i was watching some tv documentary about princess diana, and jesus christ man, the royal family, the tabloids, the paps, these people treated her like trash. and all she did was use her status to devote countless time to better the lives of the homeless, the terminally ill, those with cancer, leprosy, AIDS, and my god, what a selfless, wonderful woman. god forbid she want to be in love too.

she clearly had self-esteem issues, emotional issues, but considering the insurmountable stress placed on her, she handled herself well in public, though it does seem she maybe took some out on herself.

there was a paparazzi video where she and her sons are at the ski slopes, and she spots the paparazzo over her shoulder. she storms up the slope to where the photographer is posted up, and this woman looks like she’s on a mission.

i half expected her to sock the guy in the face. but she says:

do you fucking hear this guy? he asks if he can get a picture of her and the boys, she says no, and he asks again and says he’ll leave once he does. like, the fuck? are you listening to her?

and her, in all of her grace and poise, responds in the complete opposite manner i would have in a similar situation where i would;ve knocked someones teeth out, then sat and meditated in my car for twenty minutes over the notion of regret.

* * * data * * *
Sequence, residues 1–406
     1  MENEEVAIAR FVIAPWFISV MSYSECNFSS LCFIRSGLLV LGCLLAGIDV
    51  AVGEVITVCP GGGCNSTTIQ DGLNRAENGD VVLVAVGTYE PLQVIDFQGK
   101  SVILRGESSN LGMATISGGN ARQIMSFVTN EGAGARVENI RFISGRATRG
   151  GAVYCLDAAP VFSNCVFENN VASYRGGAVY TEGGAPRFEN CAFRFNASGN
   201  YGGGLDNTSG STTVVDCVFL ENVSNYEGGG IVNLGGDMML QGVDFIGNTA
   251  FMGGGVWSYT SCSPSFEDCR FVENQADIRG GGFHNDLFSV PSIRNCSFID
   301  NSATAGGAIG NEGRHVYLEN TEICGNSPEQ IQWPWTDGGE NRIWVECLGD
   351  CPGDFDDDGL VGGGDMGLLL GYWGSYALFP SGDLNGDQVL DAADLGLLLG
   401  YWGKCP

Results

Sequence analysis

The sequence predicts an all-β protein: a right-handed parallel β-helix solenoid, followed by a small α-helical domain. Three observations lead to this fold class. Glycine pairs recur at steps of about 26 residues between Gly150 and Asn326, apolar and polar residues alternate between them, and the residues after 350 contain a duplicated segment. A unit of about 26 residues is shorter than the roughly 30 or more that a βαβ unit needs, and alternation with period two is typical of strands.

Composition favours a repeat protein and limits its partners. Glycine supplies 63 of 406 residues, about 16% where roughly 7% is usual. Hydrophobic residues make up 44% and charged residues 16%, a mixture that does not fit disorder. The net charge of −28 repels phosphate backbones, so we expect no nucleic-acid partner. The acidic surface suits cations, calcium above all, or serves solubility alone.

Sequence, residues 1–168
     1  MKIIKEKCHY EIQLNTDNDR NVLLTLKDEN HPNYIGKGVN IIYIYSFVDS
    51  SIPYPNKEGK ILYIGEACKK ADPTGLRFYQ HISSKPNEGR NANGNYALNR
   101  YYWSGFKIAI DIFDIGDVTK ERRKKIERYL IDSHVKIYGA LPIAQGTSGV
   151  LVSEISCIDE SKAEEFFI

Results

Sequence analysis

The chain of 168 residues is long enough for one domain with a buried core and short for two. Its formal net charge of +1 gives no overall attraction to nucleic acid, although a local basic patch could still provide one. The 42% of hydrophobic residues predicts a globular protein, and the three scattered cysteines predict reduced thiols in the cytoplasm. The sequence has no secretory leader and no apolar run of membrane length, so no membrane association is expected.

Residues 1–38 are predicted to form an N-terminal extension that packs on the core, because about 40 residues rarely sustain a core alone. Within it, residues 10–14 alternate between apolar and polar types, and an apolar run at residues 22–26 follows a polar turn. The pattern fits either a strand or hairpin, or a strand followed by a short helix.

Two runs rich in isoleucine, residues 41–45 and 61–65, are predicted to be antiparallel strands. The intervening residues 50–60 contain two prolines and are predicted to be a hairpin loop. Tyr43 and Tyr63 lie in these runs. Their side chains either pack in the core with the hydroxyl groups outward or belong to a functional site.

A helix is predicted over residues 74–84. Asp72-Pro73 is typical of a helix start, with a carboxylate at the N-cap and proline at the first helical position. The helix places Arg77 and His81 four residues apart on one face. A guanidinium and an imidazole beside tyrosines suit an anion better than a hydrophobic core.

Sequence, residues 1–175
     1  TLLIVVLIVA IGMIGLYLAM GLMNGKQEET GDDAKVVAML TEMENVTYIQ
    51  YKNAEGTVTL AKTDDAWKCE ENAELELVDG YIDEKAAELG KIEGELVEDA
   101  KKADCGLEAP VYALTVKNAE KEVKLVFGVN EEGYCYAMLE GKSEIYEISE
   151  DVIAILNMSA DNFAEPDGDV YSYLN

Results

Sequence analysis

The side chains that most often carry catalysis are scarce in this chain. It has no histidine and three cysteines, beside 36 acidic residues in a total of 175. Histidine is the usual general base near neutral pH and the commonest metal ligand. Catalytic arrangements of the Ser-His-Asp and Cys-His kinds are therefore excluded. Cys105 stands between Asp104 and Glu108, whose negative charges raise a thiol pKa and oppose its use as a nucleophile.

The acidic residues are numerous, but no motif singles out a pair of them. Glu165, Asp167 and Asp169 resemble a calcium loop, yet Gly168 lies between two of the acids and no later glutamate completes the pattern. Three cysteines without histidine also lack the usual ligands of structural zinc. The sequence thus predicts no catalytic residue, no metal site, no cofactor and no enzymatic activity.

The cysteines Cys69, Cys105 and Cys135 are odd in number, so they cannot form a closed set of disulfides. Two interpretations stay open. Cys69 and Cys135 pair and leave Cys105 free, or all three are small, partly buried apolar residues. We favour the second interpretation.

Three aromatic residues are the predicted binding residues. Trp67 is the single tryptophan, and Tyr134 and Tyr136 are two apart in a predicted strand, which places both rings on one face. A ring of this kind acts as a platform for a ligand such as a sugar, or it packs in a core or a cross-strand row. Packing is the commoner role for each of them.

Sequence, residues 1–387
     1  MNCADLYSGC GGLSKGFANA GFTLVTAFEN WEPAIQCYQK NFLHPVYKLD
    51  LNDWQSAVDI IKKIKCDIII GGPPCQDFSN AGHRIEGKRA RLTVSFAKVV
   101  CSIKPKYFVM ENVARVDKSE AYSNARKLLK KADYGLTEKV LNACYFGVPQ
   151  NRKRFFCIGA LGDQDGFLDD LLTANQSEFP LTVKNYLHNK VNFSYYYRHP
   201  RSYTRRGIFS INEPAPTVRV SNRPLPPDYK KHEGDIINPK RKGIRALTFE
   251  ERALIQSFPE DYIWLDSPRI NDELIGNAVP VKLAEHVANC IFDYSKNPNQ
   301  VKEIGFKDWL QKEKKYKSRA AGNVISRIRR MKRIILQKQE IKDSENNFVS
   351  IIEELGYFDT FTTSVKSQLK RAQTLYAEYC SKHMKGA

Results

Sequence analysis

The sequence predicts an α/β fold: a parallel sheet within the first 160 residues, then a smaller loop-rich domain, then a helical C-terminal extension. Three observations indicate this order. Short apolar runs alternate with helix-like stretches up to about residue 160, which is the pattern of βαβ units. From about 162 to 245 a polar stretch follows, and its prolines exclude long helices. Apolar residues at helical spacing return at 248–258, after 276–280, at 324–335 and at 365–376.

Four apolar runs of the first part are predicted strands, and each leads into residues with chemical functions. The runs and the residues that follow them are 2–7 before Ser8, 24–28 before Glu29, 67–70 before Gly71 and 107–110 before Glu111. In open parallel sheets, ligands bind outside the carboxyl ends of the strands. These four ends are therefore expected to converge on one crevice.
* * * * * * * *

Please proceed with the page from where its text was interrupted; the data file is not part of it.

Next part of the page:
no, this woman politely asked as a parent to please respect her privacy, and he essentially said no.

and they tested her this way daily.

so anyways.

learning to react based on the actual situation and not on your thoughts or feelings. something i clearly still need to work on.

idk, i guess i’m so used to having to prove to people that just because i’m short doesn’t mean it’s cool to step on me. shoes hurt, man.

at any rate, you should maybe check out the obstacle is the way if you wanna. i really don’t care either way but you can find the audiobook here.

i dont really give a shit how you get it, you can pirate it for all i care – i’m just trying to look out for you.

there’s a shitload more to learn about stoicism in general, i really just kind of touched on the principles that directly related to cbt, but if you’re the introspective type, the Meditations of Marcus Aurelius is good a place to start and the kindle edition is free, so happy birthday to you.

also, if you suck at reading like i sometimes do, the daily stoic by ryan holiday is another good one by him. i do not recommend the audiobook since its meant to be read a day at a time, but it’s an otherwise good tool to help ingrain that habit of self-awareness into your everyday thinking.

as a challenge to myself, i booked an airbnb 170 miles away where i will probably be in close proximity to a stranger, so that should make for an interesting weekend. it’s always fun to get my palms nice and sweaty before i shake someone’s hand for the first and last time. practicing that misfortune, good grief.


Stoicism and CBT: Is Therapy a Philosophical Pursuit?

“the obstacle is the way” audiobook